July 11, 2012 / 1:19 PM / 8 years ago

UPDATE 4-Midwest drought slashes US corn estimate, jolts market

* U.S. corn, soy, wheat stocks lower than expected
    * USDA cuts corn yield more than trade expected
    * Despite drought, third-largest U.S. corn crop
    * Traders see more cuts after early August field tours

    By Charles Abbott
    WASHINGTON, July 11 (Reuters) - The worst Midwest drought in
a quarter century is doing more damage to U.S. crops than
previously expected with the government on Wednesday slashing
its estimate for what was supposed to be a record harvest.
    The U.S. Department of Agriculture said the corn crop will
average just 146 bushels an acre, down 20 bushels from its June
estimate and a much more dramatic drop than analysts had
    The report initially re-ignited a near-record rally in grain
prices that could eventually hit consumer grocery bills in North
America, although the impact could be more immediate for the
world's poor if the drought persists.
    The severe scaling back of the harvest has sent corn and
soybean prices up by more than a third over the past month, as
extreme heat and dry conditions stunt growth in the world's
largest grower and exporter.
    The deep cuts to the supply outlook shocked traders, who had
expected the USDA to be more conservative in adjusting its
views. The chairman of World Agriculture Outlook Board said the
12 percent cut was the largest he could recall.
    "They sent a signal of, 'Listen, we got a serious problem
here'," said Don Roose, an analyst with U.S. Commodities.
    The news for traders softened as the day went on as
profit-taking and forecasts for slightly wetter weather
curtailed gains. After a volatile trading day on the Chicago
Board of Trade, corn futures erased earlier gains of
nearly 3 percent to end 1.9 percent lower. 
    The USDA cut its corn harvest projection to 12.97 billion
bushels for 2012/13 - still the third largest on record. The
yield would be the lowest since 2003, although still far higher
than the 85 bushels an acre following the drought of 1988.
    As a result, USDA reduced its forecast for corn ending
stocks -- the amount of grain still in bins at the end of next
summer before the new harvest --  by 37 percent from last month,
more than the 32-percent reduction expected.
    At 1.183 billion bushels, U.S. corn stockpiles would still
rise by nearly a third from this year's ultra-low levels, with
the reduced supply outlook partly offset by downward revisions
to exports and ethanol usage as near-record prices curb
consumption. Separate data showed ethanol output fell last week
for the fourth time, reaching its lowest in two years.
    Wheat and soybean stocks were also below expectations.
Soybean yields were cut nearly 8 percent to 40.5 bushels per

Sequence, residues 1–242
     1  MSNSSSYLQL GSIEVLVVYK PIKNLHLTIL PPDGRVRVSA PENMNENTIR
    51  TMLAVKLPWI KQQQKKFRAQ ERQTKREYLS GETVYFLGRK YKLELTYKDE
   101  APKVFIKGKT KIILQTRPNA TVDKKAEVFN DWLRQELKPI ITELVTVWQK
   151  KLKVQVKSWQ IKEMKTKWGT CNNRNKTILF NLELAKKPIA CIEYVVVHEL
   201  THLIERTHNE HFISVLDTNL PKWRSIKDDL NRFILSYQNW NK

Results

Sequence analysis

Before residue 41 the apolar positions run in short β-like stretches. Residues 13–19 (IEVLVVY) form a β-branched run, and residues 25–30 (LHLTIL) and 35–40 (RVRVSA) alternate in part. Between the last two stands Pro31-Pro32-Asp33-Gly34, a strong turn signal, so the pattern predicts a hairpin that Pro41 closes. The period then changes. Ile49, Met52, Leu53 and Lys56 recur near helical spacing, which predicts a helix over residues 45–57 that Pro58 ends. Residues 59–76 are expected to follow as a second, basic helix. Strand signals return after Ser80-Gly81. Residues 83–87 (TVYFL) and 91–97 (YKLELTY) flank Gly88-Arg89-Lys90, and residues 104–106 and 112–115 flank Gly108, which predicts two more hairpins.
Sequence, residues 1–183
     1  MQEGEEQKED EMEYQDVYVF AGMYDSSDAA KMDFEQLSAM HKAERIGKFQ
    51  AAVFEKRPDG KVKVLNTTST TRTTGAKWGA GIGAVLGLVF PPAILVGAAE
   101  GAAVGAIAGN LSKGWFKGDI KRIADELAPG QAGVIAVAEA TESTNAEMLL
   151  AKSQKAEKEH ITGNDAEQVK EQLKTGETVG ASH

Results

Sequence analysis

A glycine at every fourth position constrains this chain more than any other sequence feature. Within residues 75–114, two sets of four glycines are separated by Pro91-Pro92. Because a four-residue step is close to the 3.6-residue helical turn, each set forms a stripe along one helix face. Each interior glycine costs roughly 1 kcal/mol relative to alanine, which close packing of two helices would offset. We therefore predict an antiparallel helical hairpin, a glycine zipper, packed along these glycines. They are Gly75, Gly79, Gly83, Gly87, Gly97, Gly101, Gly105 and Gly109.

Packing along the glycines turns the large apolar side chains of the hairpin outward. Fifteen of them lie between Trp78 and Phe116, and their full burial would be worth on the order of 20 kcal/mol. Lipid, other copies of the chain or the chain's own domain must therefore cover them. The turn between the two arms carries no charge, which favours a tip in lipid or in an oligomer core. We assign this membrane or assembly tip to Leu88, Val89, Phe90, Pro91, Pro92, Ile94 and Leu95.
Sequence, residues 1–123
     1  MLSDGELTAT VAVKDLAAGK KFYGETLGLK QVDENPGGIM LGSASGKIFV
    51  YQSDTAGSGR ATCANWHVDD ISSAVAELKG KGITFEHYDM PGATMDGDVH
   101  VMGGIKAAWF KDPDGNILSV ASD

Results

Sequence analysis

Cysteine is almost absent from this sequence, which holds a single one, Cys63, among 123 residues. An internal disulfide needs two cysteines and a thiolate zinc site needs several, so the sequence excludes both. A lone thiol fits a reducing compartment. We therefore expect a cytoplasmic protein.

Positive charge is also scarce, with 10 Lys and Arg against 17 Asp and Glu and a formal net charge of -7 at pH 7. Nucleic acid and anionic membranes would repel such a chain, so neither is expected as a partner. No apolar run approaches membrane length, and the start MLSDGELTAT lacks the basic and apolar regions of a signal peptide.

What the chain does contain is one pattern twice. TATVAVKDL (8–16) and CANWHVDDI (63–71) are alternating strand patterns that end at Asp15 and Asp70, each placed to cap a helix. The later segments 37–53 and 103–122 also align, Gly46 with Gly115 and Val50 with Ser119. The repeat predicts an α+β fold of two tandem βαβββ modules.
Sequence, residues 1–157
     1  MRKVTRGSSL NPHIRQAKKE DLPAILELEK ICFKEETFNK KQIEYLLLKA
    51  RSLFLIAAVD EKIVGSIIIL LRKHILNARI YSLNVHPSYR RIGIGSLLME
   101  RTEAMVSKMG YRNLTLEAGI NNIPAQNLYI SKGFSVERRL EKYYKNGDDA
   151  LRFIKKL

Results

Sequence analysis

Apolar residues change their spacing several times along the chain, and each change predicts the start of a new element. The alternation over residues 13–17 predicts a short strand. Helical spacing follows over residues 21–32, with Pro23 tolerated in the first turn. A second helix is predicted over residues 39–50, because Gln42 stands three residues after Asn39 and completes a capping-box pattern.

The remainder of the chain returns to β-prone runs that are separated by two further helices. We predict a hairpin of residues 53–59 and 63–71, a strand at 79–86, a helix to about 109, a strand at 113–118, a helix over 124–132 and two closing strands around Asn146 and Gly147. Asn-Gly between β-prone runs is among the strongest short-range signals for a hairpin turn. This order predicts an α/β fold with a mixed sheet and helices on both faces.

acre, the second lowest since 2003, due to the drought. 
    The USDA cut its forecast for global corn stocks by 14
percent, although inventories will still be the highest in three
    The report "tells me they feel pretty confident this crop
has been hurt in a big way," says Shawn McCambridge, analyst at
Jefferies Bache. Additional cuts are likely, he said, when USDA
makes spot checks of fields as it prepares for an Aug. 10 report
which will make the first estimate of the harvest.
    This would be the third year in a row of tight corn
supplies. USDA also reduced its forecast of corn for ethanol by
100 million bushels, or 2 percent, and cut export and livestock
feed forecasts.
    Higher feed prices will depress U.S. meat production and cut
into margins for companies like Tyson and Smithfield
 with per capita consumption dropping by 1 percent to
200.6 lbs in 2013 because of smaller supplies and higher prices.
    Other food prices could be affected as well. Corn, wheat and
soybeans, the three most widely grown U.S. crops, are the raw
ingredients in a panorama of foods from cereals and salad
dressing to scones and cooking oil.
    "The immediate view is that crop producers will bear the
brunt of financial losses but losses in animal industries will
be enormous in the coming year, perhaps becoming considerably
greater than for the crop sector," said Chris Hurt, agricultural
economist at Purdue University, pointing to high feed prices.
    China was forecast to import 5 million tonnes of corn in the
marketing year that opens on Sept. 1, down 2 million tonnes from
the USDA's June forecast as available U.S. supplies shrink.
    The USDA also reduced its estimated carryover stocks of
wheat to 664 million bushels and soybeans to 130 million bushels
soybeans, compared with trade expectations of 718 million
bushels of wheat and 141 million bushels of soybeans.
    USDA cut its forecast of the wheat crop in Russia by 4
million tonnes due to poor yields, in Kazakhstan by 2 million
tonnes because of hot and dry weather in June, and in China by 2
million tonnes due to lower yields.
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